It is the proper role of government to protect people from force or fraud. It is not the proper role of government to force them to be "compassionate," or "fair," or "moral," or "progressive." Whether force is initiated for the sake of the rich or the poor, for the black or the white, for the Catholic or the Protestant, for business or for labor, for women or for men, the result is the same: tyranny emerges from the shadows, step-by-step. Nor does "legality" or "majority rule" alter its features, for Nazism was legal, and a lynch mob is majority rule.

In our next chapter, the second last in the book, Grant looks for ways to fix a broken system as he examines, "The Limits of Political Action."

Linda Abrams, a Los Angeles lawyer, during every election season includes a sticker on everything she writes. The sticker reads: "Don't vote—it only encourages them." You see, election time only gives us a choice between ruler A or ruler B, but not the choice of no ruler.

In the marketplace, a transaction must be seen as of benefit to all involved or else the transaction won't be completed. Since government can only provide what it has taken from someone else, there is always a loser and this will inevitably set one group against another. It is in this division that government and politicians can play one group against the other to his or her own advantage.

Is reform possible? Grant does not seem optimistic, stating that, "The state is force. Nothing else. ... But an institution based on force will be virtually immune to reform." He does not see a way to correct things from within.

With this statement, we move to the final chapter of the book: "The Twilight of the State." If reform is not possible from within, is all lost or is there still a way? Grant argues that the people have one weapon left: they can refuse to cooperate. He says this power is greater than the ballot, but Americans are reluctant to exercise it. We feel like we're obligated to obey the law, whether they are good or bad. Can bad laws be changed within the system? In theory it can, but it's much more likely that more bad law is piled on top of it.

Some may believe that this leads to chaos. Grant seems to believe it would not, but that even if it did, the end result would be worth it. The Magna Carta and Declaration of Independence weren't the product of orderly, obedient subjects, after all. There is a history of civil disobedience being successful. Gandhi helped to free India from British rule. The Poles were a significant burden to the Soviet Union due to their lack of cooperation with their rulers. Even in Nazi Germany, as Albert Speer is quoted, "Just issuing an order proved insufficient in the Third Reich, even in wartime. We, too, were at the mercy of the willingness of the people involved." Ayn Rand saw the submission and compliance of the producers to government's taxes and regulations as a kind of sanction of the victim.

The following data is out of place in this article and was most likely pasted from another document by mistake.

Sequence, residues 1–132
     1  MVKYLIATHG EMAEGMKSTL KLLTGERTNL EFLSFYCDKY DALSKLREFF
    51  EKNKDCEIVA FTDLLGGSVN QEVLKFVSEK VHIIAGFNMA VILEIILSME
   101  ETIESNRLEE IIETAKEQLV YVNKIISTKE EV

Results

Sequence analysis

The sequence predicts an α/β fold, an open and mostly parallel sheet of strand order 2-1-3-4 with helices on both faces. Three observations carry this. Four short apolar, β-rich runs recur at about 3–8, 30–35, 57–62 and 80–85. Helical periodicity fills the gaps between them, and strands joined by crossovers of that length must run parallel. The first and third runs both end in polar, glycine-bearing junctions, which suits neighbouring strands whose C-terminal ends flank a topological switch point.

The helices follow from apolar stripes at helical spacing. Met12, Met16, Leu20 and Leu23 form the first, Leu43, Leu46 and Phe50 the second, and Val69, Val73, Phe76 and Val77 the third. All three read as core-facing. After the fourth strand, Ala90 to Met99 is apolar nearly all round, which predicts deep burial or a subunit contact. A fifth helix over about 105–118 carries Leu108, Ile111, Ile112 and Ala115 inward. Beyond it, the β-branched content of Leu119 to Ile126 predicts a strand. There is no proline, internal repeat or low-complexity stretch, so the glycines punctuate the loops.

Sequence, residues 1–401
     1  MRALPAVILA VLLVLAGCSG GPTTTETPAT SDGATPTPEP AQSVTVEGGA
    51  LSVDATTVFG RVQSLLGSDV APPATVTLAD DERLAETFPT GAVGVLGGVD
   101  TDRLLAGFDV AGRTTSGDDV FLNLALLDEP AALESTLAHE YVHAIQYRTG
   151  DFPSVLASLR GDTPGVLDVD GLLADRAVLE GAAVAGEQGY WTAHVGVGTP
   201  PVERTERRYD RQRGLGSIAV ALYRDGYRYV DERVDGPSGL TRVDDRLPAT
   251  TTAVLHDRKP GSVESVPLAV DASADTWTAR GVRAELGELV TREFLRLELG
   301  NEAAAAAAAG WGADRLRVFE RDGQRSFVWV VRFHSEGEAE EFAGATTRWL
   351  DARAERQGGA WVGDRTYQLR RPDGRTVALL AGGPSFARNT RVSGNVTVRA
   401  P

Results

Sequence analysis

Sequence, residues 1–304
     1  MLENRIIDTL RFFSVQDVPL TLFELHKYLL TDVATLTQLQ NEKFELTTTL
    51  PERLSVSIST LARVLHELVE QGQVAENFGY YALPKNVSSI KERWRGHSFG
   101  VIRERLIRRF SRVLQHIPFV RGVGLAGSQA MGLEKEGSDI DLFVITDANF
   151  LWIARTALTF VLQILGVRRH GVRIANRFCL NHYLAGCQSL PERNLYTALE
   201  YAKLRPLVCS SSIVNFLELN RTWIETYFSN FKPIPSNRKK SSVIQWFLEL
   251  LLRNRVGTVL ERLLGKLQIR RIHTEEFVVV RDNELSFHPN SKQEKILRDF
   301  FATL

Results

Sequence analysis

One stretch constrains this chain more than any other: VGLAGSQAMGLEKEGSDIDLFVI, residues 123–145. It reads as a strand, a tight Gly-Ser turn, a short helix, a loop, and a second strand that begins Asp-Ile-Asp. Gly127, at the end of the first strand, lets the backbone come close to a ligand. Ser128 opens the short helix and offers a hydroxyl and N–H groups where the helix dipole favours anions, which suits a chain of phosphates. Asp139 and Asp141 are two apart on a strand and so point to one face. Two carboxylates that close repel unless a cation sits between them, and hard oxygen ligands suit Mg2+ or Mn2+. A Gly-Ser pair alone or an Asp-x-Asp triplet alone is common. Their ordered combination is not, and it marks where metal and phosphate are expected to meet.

Two groups that would have the greatest impact if they were to be non-compliant are taxpayers and businessman, but there are significant psychological hurdles to taking action. Taxpayers view it as a civic duty to pay and they believe that government is the only way to go. On the former, Grant calls civic duty an altruistic premise, a sacrifice of self-interest to some greater good. On the latter, Grant reminds us that he has worked through several ways the services of government can be handled without government. Grant offers one specific idea of how one can engage in tax related disobedience involving the founding of a church, but he emphasizes that it can't just be used for tax avoidance. It must engage in good works and maintain an ethical doctrine. For the businessman, disobedience would involve his or her rejection of regulation. It confuses Grant that businesses so readily comply with any bureaucratic investigation. Do not cooperate with the bureaucrat. Force the government into litigation. If a regulatory body comes to you, make sure they have a warrant. Cancel government contracts over outrageous compliance demands.

We grow ever closer to a total government system, but government fails all across the board when compared to a true free market system. Will we ever see that? Will it take civil disobedience to come about? I don't know the answers. What I do know is I'll work to do my part, even if it's in some kind of support role.

Finally, as mentioned, there is a lengthened version of the poem The Incredible Bread Machine available in this book. I won't read it here for you, but I'll provide a link to it on Youtube, being read by R. W. Grant himself.

[Part 1]
[Part 2]

I hope you enjoyed this multi-episode look at the book.